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Federal mediators join West Coast ports dispute


New York -- U.S. mediators are joining the labor talks at West Coast ports in an attempt to jumpstart the stalled negotiations between the powerful International Longshore & Warehouse Union (ILWU) and the Pacific Maritime Association (PMA). The U.S. Federal Mediation and Conciliation Service announced its involvement in the talks late on Monday.

“We are prepared and ready to render prompt assistance,” Allison Beck, acting director of the Federal Mediation and Conciliation Service, said in a statement.

The ILWU and PMA are negotiating a new contract to replace one that expired on July 1, 2014. The negotiations started last May. Over the past several months tensions between negotiators have grown and the flow of goods through the ports has slowed considerably.

According to the Journal of Commerce, in November, just 46% of vessels arrived on time at America’s two largest ports, Los Angeles and Long Beach, down from around 90% in July.

"Retailers welcome the news that negotiators have embraced mediation and we urge all sides to work hastily to reach an agreement that prevents a shutdown and restores the free flow of cargo through West Coast ports,” said Retail Industry Leaders Association president Sandy Kennedy. “The current slowdown has stranded cargo offshore, which harms consumers unable to find the products they seek, retailers that lose sales and ultimately the economy at-large.”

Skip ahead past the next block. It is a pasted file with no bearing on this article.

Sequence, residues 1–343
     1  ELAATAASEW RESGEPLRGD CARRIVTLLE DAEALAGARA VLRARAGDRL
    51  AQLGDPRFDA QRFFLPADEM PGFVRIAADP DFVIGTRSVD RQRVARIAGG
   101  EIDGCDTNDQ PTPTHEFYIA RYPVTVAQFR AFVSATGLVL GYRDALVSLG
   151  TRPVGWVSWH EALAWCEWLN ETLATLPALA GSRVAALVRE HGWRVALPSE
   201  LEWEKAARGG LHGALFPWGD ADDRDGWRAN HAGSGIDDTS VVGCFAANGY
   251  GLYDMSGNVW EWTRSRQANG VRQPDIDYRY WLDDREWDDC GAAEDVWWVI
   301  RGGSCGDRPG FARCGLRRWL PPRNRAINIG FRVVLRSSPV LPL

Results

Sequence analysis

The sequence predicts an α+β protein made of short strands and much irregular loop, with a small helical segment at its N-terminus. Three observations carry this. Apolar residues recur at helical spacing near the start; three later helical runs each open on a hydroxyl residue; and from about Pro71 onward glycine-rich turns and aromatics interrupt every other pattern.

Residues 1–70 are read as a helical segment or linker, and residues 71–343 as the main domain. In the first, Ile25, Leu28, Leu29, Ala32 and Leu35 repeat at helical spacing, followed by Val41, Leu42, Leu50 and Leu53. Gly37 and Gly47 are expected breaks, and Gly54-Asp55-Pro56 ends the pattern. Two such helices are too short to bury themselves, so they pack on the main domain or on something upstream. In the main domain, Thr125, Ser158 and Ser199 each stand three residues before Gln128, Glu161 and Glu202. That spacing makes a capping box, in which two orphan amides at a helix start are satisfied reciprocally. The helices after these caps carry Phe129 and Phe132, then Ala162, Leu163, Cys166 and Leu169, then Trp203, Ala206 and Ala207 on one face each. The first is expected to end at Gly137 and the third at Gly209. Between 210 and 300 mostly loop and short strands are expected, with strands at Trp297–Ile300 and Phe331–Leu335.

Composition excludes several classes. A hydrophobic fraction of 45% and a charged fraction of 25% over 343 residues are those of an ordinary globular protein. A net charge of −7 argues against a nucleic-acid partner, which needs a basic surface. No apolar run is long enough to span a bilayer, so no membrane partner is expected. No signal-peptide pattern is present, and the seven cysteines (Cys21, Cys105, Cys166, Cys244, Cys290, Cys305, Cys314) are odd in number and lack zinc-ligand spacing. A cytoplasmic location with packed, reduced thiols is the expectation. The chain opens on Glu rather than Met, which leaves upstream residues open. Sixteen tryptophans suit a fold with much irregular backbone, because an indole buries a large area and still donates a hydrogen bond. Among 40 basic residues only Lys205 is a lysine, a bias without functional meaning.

Citing big differences in issues including wages and work rules, the maritime association requested federal help last month.

The union had resisted, but late Monday the federal mediation service said it would get involved based upon "a joint request for assistance."

In its statement, the service said deputy director Scot Beckenbaugh "has been assigned to help the parties bring these important negotiations to a mutually acceptable resolution."

The National Retail Federation called the announcement "the first positive news from the West Coast ports in some time."

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